9.1 Contract Form. All contracts for Phase I ESAs must be in a form acceptable to U. T. System Administration's Office of General Counsel.

9.2 Review of Report. The U. T. System Office of Risk Management, the Responsible Officer, and the benefited institution's Environmental Health and Safety (EHS) Director shall review the Phase I ESA report.

9.3 Areas of Concern. If the Phase I ESA indicates areas of concern, the Responsible Officer may (i) reject the real property asset, (ii) accept the real property asset with the identified risks with the concurrence of the Executive Director of Real Estate, or (iii) require additional investigation in the form of a Phase II or III ESA.

Sec. 10 Phase II ESA Requirements.

A qualified outside professional must conduct any Phase II ESA, unless the institution receives express written permission from the Executive Director of Real Estate to conduct all or part of the Phase II ESA in-house based on the institution's expertise. The Phase II ESA should include an extensive review of prior uses of the land and records pertaining to those uses, an examination and sampling of the property, and testing of all samples collected.

10.1 Contract Form. All contracts for Phase II ESAs must be in a form acceptable to the Office of General Counsel.

10.2 Review of Report. The U. T. System Office of Risk Management, the Responsible Officer, and the benefited institution's EHS Director will review the Phase II ESA report.

10.3 Areas of Concern. If the Phase II ESA indicates areas of concern, the Responsible Officer may (i) reject the real property asset, (ii) accept the real property asset with identified risks with the concurrence of the Executive Director of Real Estate, or (iii) require additional investigation in the form of a supplemental Phase II or a Phase III ESA.

Sec. 11 Phase III ESA Requirements.

A qualified outside professional must conduct any Phase III ESA. The ESA should include extensive physical sampling of the site, testing of all samples, estimates of the extent of contamination, and estimates of the total cost to clean up the site.

11.1 Contract Form. All contracts for Phase III ESAs must be in a form acceptable to the Office of General Counsel.

11.2 Review of Report. The U. T. System Office of Risk Management, Office of General Counsel, Responsible Officer, and the benefited institution's EHS Director will review the Phase III ESA report.

11.3 Rejection of Real Property. If the Phase III ESA identifies unacceptable contamination or cleanup estimates, the real property asset will be rejected and will not be acquired.

Sec. 12 Recommended Review by Property Type.

The level of screening will vary according to type of real property asset, history, and location.

12.1 Residential.

(a) Have a qualified in-house individual or qualified outside professional conduct a site inspection.

(b) Review aerial photos of subject property dating back to before physical improvements were made to the property or for the past 50 years, whichever is greater, if such photos are readily available from libraries or archives. If there is concern about past land uses (i.e., the property was vacant and in a remote or formerly industrial/commercial area, the site visit indicates distressed vegetation, or there is other evidence of contamination), then a review of historic land use dating back as far as possible or an ESA described in Section 3 above may be warranted.

12.2 Vacant/Unoccupied Lands.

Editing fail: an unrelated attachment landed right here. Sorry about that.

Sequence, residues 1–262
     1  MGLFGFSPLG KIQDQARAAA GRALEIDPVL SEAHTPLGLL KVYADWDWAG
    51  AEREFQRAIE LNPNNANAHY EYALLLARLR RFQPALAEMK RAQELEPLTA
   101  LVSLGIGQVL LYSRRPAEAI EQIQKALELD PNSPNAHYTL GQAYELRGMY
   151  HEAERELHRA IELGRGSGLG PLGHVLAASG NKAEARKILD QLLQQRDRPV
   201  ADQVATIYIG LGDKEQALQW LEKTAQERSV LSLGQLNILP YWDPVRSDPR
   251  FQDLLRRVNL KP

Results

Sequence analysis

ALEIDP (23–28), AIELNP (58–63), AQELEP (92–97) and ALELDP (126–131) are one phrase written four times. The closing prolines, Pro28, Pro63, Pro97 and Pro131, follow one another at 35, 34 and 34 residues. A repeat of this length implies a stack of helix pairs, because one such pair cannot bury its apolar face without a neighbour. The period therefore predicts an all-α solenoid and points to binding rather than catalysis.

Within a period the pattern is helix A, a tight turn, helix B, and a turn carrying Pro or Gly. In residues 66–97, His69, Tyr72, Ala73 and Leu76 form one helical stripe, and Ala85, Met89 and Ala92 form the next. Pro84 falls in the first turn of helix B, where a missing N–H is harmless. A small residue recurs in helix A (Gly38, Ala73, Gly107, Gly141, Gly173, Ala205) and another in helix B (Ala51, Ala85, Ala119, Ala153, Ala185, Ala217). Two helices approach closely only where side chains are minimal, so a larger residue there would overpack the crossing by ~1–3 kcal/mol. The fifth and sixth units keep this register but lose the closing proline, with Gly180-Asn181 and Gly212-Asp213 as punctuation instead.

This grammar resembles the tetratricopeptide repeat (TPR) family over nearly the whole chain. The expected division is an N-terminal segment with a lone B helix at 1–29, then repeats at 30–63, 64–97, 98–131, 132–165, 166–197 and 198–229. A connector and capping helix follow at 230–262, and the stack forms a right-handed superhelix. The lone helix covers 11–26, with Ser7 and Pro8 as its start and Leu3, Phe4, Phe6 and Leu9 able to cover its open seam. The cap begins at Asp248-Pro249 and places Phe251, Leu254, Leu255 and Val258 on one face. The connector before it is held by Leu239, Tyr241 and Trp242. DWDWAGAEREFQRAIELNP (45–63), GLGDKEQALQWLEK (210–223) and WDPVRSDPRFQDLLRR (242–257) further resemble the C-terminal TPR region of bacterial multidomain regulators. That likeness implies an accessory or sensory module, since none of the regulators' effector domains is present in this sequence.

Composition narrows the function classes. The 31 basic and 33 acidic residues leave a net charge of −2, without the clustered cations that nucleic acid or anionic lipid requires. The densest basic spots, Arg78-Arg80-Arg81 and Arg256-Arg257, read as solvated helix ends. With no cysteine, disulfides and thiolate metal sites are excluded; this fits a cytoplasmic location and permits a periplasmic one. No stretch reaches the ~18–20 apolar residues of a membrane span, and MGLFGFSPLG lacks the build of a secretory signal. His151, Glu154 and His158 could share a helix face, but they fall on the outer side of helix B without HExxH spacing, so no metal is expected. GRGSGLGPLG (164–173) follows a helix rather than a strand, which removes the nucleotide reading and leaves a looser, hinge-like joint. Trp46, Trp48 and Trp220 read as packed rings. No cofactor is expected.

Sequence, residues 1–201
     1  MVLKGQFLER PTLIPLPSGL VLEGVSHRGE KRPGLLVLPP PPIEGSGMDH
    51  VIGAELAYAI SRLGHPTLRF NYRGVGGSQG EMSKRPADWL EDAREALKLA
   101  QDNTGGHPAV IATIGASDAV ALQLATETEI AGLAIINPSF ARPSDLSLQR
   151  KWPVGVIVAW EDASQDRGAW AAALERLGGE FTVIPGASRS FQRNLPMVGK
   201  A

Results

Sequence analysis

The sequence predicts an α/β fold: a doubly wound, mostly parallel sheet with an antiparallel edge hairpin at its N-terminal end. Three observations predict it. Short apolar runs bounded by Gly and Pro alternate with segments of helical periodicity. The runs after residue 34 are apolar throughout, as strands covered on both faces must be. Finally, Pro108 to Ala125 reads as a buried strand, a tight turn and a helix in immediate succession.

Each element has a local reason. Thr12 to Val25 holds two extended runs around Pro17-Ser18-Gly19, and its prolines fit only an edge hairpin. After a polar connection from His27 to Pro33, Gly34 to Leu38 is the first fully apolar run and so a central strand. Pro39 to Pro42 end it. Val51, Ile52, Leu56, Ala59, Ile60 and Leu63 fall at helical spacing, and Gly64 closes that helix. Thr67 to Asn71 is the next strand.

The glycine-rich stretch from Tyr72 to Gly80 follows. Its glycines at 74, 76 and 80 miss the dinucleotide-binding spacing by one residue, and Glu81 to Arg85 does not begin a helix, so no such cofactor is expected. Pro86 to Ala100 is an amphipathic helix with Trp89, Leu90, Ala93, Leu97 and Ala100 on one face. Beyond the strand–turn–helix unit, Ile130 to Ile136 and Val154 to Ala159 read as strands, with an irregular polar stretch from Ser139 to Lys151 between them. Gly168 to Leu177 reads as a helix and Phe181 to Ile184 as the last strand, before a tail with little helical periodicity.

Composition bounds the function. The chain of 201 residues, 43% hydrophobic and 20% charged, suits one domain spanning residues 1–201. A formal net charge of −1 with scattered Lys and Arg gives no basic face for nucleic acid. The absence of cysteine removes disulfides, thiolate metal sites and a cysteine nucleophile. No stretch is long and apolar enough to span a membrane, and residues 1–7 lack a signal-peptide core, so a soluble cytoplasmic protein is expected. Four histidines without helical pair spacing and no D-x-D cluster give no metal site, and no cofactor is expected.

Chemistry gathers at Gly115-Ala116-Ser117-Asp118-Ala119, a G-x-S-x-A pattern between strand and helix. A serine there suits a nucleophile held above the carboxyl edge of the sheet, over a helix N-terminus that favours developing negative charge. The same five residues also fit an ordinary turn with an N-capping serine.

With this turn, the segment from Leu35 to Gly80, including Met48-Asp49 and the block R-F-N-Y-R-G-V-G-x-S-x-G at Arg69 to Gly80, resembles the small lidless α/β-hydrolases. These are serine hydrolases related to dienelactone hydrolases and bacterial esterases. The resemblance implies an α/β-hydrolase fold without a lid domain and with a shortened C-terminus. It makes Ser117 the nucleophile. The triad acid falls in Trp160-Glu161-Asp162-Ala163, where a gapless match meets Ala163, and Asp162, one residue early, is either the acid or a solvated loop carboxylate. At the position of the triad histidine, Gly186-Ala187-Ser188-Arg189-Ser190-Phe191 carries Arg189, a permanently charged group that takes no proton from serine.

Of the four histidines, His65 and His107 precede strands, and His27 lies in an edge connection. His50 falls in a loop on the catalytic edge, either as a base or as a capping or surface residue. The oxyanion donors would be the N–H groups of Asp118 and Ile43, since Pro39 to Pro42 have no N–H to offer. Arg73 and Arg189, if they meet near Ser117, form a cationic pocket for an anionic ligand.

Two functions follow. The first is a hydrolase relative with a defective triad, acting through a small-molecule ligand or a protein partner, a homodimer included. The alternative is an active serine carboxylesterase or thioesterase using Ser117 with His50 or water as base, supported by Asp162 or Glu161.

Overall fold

(a) Follow steps described in Sections 12.1(a) and (b) above. The site visit should include (i) asking neighbors about prior uses such as dumping, and (ii) inspecting along on-site roadways or fence lines where historical dumping would be more likely to have occurred. Historical and present day aerial photos may be particularly useful in evaluating historical dumping on vacant lands.

(b) In geographical areas where endangered species may be present, a review of U.S. Fish and Wildlife Service maps may be appropriate in determining if further investigation on this issue is warranted.

(c) Visual inspection of the site for topographical, hydrological, and vegetative indicators of wetlands may also be appropriate, depending on the geographical location of the property.

12.3 Commercial Sites (including vacant sites formerly used for commercial activities).

(a) Follow steps described above in Sections 12.1(a) and (b) above. Every attempt should be made to obtain from the current or past owners, operators, and/or tenants the nature of the business conducted at the site including a review of copies of any permits, licenses, notices of violation, site closure documents, or consent agreements issued to owners, operators, or tenants of the site.

(b) For commercial sites of significant size or value as determined by the Responsible Officer in conjunction with the Executive Director of Real Estate, or high-risk commercial sites with known past or present uses of environmental concern, including gas stations, dry cleaners, and other uses commonly associated with environmental hazards, engage a qualified outside professional to conduct a Phase I ESA, to include a review of copies of any permits, licenses, notices of violation, site closure documents, or consent agreements issued to current or past owners, operators, or tenants of the site.

12.4 Industrial Sites (including vacant sites formerly used for industrial activities). Engage a qualified outside professional to conduct a Phase I ESA, to include a review of copies of any permits, licenses, notices of violation, site closure documents, or consent agreements issued to current or past owners, operators, or tenants of the site.

Definitions

Benefited Institution - the institution that will use and have control over land acquired by purchase or lease, or that is to benefit from the gift or bequest.

Real Property Asset - any interest in real property except (1) a mineral interest severed from the surface estate, (2) a leasehold in improvements only, (3) a leasehold less than five years in duration that does not contemplate any improvements to be constructed by U. T. System or any of its institutions or other activities that would result in disturbance of the soil, (4) an easement, or (5) real property in a trust or estate of which U. T. System or any of its institutions is a beneficiary, unless and until the trustee, executor, or administrator gives written notice to the benefited institution of the trustee's, executor's, or administrator's intent to transfer and convey legal title to the real property to the benefited institution. The term specifically includes without limitation any acquisition of legal title to real property, any leasehold on which the U. T. System or any of its institutions will construct improvements, and any leasehold where an underground storage tank, water wells, or monitoring wells exist.